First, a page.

Sag Harbor Goes to Bid for Ice Rink

Posted on 25 September 2009

The Village of Sag Harbor Board of Trustees is seeking vendors interested in running an ice skating rink on one of two village-owned parking lots behind Main Street, although it appears any plan to house the rink on the National Grid-owned lot on Long Island Avenue has been scrapped for the time being.

On Friday, September 18 the board convened a work session to hammer out details for the request for local vendors. Last month trustee Tim Culver introduced the concept of an ice rink in Sag Harbor as a means of providing entertainment for local families, but also to boost the often sluggish winter economy.

Culver envisions a rink on village property, but not one run by the village, urging the board to remain wary of putting a municipality in the ice rink business. Rather, he said, the rink would be leased through the end of March at no cost to a vendor willing to set up and maintain the rink. That vendor would, in turn, collect all profits from the facility, which could be operated until 9 p.m.

On Friday, the board briefly discussed the possibility of hosting the facility on Long Wharf or at Marine Park, noting Greenport’s village-run ice rink has views of the harbor, a nice amenity for skaters. However, board members voiced concern that strong winds on the waterfront could deter skaters and also worried about marring the grass at Marine Park, as well as having to negotiate any lease through another municipality like Suffolk County, which owns Long Wharf.

While the National Grid lot, which was leased to the village throughout the summer for parking, was originally conceived as a likely locale, village attorney Fred W. Thiele, Jr. cautioned the board that securing the long term lease of that property should be the primary goal of the village.

“I wouldn’t want to do anything to screw that up,” said Culver.

Mayor Brian Gilbride suggested a lot adjacent to the National Grid lot behind Schiavoni’s Market. The board also considered a municipal lot behind Apple Bank. Both are just behind Main Street properties, which Gilbride said was ideal given the board’s hope that the creation of an ice rink would give local businesses an economic boost.

“Our hope is some parents do some shopping,” said Gilbride.

Trustee Tiffany Scarlato said she has heard it could cost somewhere near $80,000 to $100,000 a month to run a facility that is not weather dependent, which worried Gilbride about if this was an economically viable move for any local vendors.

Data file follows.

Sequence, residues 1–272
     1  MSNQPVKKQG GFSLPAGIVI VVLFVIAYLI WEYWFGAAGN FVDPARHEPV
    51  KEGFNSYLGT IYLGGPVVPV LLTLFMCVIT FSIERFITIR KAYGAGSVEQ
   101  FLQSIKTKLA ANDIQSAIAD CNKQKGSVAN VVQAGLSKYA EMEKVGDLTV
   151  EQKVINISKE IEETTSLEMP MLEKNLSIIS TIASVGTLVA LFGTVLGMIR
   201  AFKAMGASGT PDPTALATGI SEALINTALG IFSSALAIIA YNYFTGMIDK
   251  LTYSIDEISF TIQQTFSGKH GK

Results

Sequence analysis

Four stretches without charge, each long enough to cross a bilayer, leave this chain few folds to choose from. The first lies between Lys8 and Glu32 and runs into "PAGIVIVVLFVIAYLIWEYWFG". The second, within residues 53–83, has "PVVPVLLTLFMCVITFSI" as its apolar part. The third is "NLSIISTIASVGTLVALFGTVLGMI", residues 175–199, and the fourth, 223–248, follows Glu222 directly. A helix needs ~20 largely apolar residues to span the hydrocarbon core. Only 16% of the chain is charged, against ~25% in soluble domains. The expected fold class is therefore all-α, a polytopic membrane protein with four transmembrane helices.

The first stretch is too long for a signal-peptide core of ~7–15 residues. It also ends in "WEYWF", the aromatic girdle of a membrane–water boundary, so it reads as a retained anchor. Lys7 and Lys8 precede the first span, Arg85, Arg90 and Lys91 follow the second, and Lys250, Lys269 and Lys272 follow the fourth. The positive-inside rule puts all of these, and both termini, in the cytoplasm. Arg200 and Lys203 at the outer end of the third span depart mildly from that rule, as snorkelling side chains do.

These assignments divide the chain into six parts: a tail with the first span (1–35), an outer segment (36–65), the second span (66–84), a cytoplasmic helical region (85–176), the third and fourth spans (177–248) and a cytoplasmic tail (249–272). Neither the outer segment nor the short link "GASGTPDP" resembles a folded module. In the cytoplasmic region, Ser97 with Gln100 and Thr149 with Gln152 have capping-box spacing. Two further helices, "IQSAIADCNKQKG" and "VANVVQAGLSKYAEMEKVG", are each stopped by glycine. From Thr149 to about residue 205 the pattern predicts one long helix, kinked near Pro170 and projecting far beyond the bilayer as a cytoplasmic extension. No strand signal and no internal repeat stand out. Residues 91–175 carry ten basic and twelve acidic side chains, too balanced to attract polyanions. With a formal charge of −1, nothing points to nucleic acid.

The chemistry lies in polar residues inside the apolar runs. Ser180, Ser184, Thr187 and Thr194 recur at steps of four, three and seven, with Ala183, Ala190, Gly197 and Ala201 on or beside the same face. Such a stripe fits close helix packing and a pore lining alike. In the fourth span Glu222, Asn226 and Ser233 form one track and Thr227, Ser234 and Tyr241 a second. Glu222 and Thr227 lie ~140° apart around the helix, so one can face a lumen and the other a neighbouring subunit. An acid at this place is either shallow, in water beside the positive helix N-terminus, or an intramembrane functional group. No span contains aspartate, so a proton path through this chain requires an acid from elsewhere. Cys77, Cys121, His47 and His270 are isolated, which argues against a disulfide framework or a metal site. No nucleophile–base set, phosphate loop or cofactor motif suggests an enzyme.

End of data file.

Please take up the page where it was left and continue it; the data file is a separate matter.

With Scarlato and Culver poised to meet with local municipalities like Greenport and Southampton Village – which had its own weather-dependent rink at Agawam Park with mixed results – the board agreed to send out a general request for bidders looking to host a rink in Sag Harbor on village owned property through the end of March.

“Hopefully there is enough time to get this done,” said Culver, noting he has heard widespread support from the community on the proposal.

“The only thing we are going to say is we will provide property and the rest, it is up to them,” said Gilbride. “Let’s see if we have any interest.”

Sidewalk Sale

In other village news, the board expressed concern over an upcoming sidewalk sale over Columbus Day weekend, sponsored by the Sag Harbor Chamber of Commerce after some participants in a similar sidewalk sale during HarborFest appeared to be non-chamber members.

According to Thiele, anyone who held their own sidewalk sale without membership to the chamber was in violation of the permit that allowed the street-front fair, and left the village open to liability as the businesses carried no insurance as non-chamber members.

“The only thing I was worried about was the trip and falls,” said Gilbride, noting that since he has taken the helm in Sag Harbor he has seen the impact those incidents can have on the village and its resources. “It was a great turnout, great weather, but there were sections of sidewalk where you couldn’t even pass.”

The board agreed to allow the Columbus Day sidewalk sale, although at the urging of Thiele, vowed to contact the Chamber to ensure they policed their own event.

“I don’t want to be the guy who said you have to be in the Chamber to do this, but just provide us some insurance,” added Gilbride.

“Maybe this could encourage people to join the chamber,” offered Thiele.

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